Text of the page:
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United Capital calls its partner firms to Berkeley to help execute ambitious plan

Haas business school professors will orient consolidator's RIAs toward new ways of looking at growth

Admin:
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Joe Duran: Our goal is to [help make] our partner firms into the dominant market leaders in their respective cities and to help build several $5 to $10 million offices in the next few years.

Related Moves

Marc Spilker adds Matt Brinker as chess piece -- and partner -- in what he calls a 'very selective' talent add to build platform-for-RIA platforms outside Wall Street

Merchant Investment Management's executive chairman wants good people good at their job and Brinker likes having a breakaway Goldman partner rather than one captive to the Wall Street giant.

January 15, 2020 at 2:42 AM

Goldman Sachs & Co. appoints Rachel Schnoll to yank off United Capital band-aid that Joe Duran didn't -- making FinLife work with non-UC applications

The New York-based investment bank has the cash and people to do the combinations -- especially Goldman software -- that the roll-up's founder couldn't afford or didn't want to advantage

November 8, 2019 at 4:52 AM

Goldman Sachs closes United Capital deal and Matt Brinker, Joe Duran's wingman, exits with social media swan song on same day

The M&A chief's departure from the Newport Beach, Calif. roll-up may signal that its rolling-up days are over

July 18, 2019 at 6:13 PM


Mentioned in this article:

United Capital Financial Advisers
RIA Welcoming Breakaways
Top Executive: Joe Duran




Mike

Mike

February 25, 2010 — 3:19 PM

United Capital has an exciting mission and Morningstar Office is proud to be part of its software and technology solution.

Stephen Winks

Stephen Winks

February 25, 2010 — 4:13 PM

WILL UNITED CAPITAL PROVIDE THE MARKET LEASERSHIP WE ALL ARE LOOKING FOR IN SUPPORT OF ADVICE?

Joe has done an incredible job in establishing a core business model that adds value relative to the advisors former practices. United Capital advances a consistent advisor value proposition built around a centeralized CIO function which not only creates scale beyond the ability of the under resourced practitioner but generates superior client performance which is even more rare.

If United Capital were to formalize its asset/liability study, investment policy and portfolio construction and management functions by creating an audit path to statute, case law and regulatory opinion letters in support of fiduciary standing going beyond the 40 Act for managers to UPIA and ERISA for advisors, it would defacto become the leading firm in the industry in advisory services, importantly with the means to prove it.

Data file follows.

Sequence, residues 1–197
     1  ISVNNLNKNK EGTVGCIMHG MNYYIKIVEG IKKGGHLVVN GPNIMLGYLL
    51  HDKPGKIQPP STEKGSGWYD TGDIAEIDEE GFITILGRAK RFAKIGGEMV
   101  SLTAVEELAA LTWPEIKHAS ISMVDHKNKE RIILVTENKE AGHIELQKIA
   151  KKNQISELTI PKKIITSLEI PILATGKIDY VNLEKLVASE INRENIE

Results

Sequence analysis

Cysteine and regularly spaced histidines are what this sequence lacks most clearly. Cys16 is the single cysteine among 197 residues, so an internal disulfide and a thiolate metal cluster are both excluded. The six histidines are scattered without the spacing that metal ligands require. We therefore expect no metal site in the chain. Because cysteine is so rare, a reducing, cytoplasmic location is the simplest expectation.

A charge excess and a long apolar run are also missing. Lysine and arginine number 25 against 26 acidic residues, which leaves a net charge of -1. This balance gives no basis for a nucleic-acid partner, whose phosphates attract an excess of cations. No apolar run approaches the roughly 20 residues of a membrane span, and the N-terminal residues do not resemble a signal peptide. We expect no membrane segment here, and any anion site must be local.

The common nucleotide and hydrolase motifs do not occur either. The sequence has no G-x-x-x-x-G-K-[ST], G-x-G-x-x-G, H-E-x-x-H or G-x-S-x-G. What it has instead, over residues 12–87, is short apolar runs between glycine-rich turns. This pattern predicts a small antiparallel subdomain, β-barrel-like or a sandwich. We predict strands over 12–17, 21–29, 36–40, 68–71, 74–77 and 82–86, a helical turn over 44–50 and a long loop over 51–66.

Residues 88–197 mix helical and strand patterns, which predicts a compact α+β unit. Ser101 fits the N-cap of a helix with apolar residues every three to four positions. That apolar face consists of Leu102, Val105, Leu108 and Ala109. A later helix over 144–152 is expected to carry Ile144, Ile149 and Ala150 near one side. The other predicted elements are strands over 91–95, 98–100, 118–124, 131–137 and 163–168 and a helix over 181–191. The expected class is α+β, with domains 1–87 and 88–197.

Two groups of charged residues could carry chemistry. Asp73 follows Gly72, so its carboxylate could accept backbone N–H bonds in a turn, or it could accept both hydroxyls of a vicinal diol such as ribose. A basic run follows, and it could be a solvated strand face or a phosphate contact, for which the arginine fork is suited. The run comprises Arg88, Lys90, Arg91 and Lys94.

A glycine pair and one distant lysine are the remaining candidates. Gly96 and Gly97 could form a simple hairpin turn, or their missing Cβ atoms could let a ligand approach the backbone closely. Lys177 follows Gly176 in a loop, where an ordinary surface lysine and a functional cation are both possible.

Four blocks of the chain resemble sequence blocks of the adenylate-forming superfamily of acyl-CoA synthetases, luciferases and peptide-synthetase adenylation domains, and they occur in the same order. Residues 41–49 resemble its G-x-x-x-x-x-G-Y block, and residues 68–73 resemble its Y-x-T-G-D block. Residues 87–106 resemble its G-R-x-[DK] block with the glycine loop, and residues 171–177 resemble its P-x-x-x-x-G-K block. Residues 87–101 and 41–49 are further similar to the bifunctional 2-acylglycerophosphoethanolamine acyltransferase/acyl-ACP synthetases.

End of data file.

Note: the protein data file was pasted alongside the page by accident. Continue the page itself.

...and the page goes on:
Presently all major financial services firms have put their advisors in an untenable position where the firm maintains the advisor does not render advice and considers it a violation of their internal compliance protocol for their advisors to acknowledge their fiduciary obligation to act in the consumer’s best interest.

If United Capital were to safely bring fiduciary standing within the reach of every advisor in a scalable easy to use and manage format, every advisor in the industry whether an established RIA or a disenfranchised broker would clamor for it without hestitation.

Market leadership is not comming from FINRA or the SIFMA who represent convention and status quo, it will come from firms like United Capital which view disruptive innovation as a means to win market share.

SCW

Kevin Hollingsworth

Kevin Hollingsworth

February 25, 2010 — 7:28 PM

Brooke,

I have two questions for you:

1) Why do “roll ups” typically not work?
2) Is the United Capital event closed to the public?

Thanks,

Kevin

Brooke Southall

Brooke Southall

February 26, 2010 — 6:45 PM

Hi Kevin,

Yes, the United Capital event is only for its own financial advisors.

The question of why roll-ups don’t work is an even better query than you think. The term roll-up is associated with an aggregating entity that does nothing but take a series of autonomous businesses and puts them under a single ownership umbrella. They fail because they lose the entrepreneurial edge of being small companies without gaining the efficiencies of being part of a big company. The failure rate is very high historically.

The roll-ups that succeed tend to integrate the businesses that they acquire culturally and otherwise. But the companies that pull off this feat do not consider themselves roll-ups.

So it’s a tricky semantic issue. Journalists covering financial advisors call the various serial buyers of RIA practices roll-up because it is a short, descriptive word. Words like consolidator, aggregator and holding company sound like the companies that buy railroads or shipping lines to me.

Brooke

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